Sabine Dusend, Alex Grein, Morgaine Schäfer, Berit Schneidereit, Lucia Sotnikova, Anna Vogel
Curated by Katharina Klang
And everything that is lasts three seconds.
One second for before, one for after, one for right in the middle.”
(Peter Licht, Sonnendeck [Sun Deck], 2001)
From 8 February – 9 March 2019, Achenbach Hagemeier presents Moment, its first exhibition in their new gallery space in Berlin. The opening will take place on 7 February from 7 – 10 pm. The show consists of six photographers who were educated at the Kunstakademie Düsseldorf and work in the Rhineland.
Etymologically, the word moment is derived from momentum, the Latin word for movement, cause, influence. The meaning of the term encompasses both a temporal aspect and a period of time that can not be precisely defined, as well as a dynamic definition—a change in an event caused by movement or the exertion of influence. In image processing, moments describe the brightness values of individual pixels, which can be used to extract particular features.
The works of Sabine Dusend, Alex Grein, Morgaine Schaefer, Berit Schneidereit, Lucia Sotnikova, and Anna Vogel are located within this reference system. Apart from their education at the same university under Thomas Ruff, Andreas Gursky, and Christopher Williams, the artists primarily highlight transformative elements of the medium in their photographs. There is a comparison of analog and digital techniques, a juxtaposition between the simulated and the real; levels are merged, replicas are made, and dissolution is celebrated as an artistic strategy.
A substantial element of Morgaine Schäfer’s examination of her own biography is the idea of photography as the starting point for remembrance. With the aid of family-owned slides, she illustrates how identity and perceptions of history are constructed. In doing so she analyzes and archives outdated techniques and their aesthetics. Schäfer approaches the essence of photography by dissecting and unveiling a supposed duality between an objective item and its private, nostalgically charged reference. She highlights the coexistence of narration, its causality, and the meta-level of the photographic object, which reveals features such as color loss, the presentation sequence in the slide carousel, and their physical tangibility.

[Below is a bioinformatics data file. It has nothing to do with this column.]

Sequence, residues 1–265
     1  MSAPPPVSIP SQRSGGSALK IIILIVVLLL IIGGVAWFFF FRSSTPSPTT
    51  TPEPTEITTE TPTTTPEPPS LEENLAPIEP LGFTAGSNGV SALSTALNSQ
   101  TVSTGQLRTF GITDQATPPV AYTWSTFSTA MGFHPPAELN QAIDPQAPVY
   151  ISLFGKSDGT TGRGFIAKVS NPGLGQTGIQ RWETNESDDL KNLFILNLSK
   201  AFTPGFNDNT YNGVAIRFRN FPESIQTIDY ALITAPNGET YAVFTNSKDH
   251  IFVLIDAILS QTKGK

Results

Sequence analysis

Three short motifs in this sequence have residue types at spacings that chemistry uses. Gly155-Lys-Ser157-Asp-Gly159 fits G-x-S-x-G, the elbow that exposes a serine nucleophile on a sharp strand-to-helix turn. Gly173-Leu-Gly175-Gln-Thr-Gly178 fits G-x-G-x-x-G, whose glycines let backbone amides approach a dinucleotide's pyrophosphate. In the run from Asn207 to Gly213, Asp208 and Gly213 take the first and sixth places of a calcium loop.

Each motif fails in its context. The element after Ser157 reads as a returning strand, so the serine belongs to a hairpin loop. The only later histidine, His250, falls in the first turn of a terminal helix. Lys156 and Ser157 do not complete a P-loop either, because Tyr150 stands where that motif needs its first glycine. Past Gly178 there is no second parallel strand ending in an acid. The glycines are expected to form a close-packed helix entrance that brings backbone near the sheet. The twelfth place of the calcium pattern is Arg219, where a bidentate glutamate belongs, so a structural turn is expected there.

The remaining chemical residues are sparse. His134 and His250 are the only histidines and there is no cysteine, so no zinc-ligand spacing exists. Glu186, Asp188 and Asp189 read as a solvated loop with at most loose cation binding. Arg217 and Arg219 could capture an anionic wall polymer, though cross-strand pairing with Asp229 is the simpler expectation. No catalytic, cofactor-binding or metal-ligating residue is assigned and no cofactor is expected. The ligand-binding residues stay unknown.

In her series Löschen (Deletion), Sabine Dusend relies on the features of a first-generation digital camera and addresses the peculiarities of its deletion process. In a constantly running animation, the camera deletes the digital image by disintegrating it into blue pixels before it disappears completely from the camera memory. While international computer giants are investing in special resolutions that make it impossible to make out individual pixels, for Dusend this visualization of the destructive process is a visual creative element. This is also a reference to the original composition of the image.
In stark contrast to typological object photography, which is associated with the Düsseldorf School and focuses on the subject matter’s essential characteristics, Anna Vogel, on the other hand, has dedicated herself to ambiguity. Photographic templates, often footage from the Internet, are spray painted, defaced, or drawn over with ink, as if by a strongly undulating seismograph. The result is a visual vibrato that tremulously overlays the photograph. The depiction of the object disintegrates in favor of an atmospheric compression of lines. She amalgamates origin myths with futuristic utopias through titles such as Speaker and New cities. The constructs behind these titles, which are open to different levels of interpretation, enable a cosmos beyond any temporality. Through the fusion of photography and painting, Vogel kindles a reconciliation between the two media.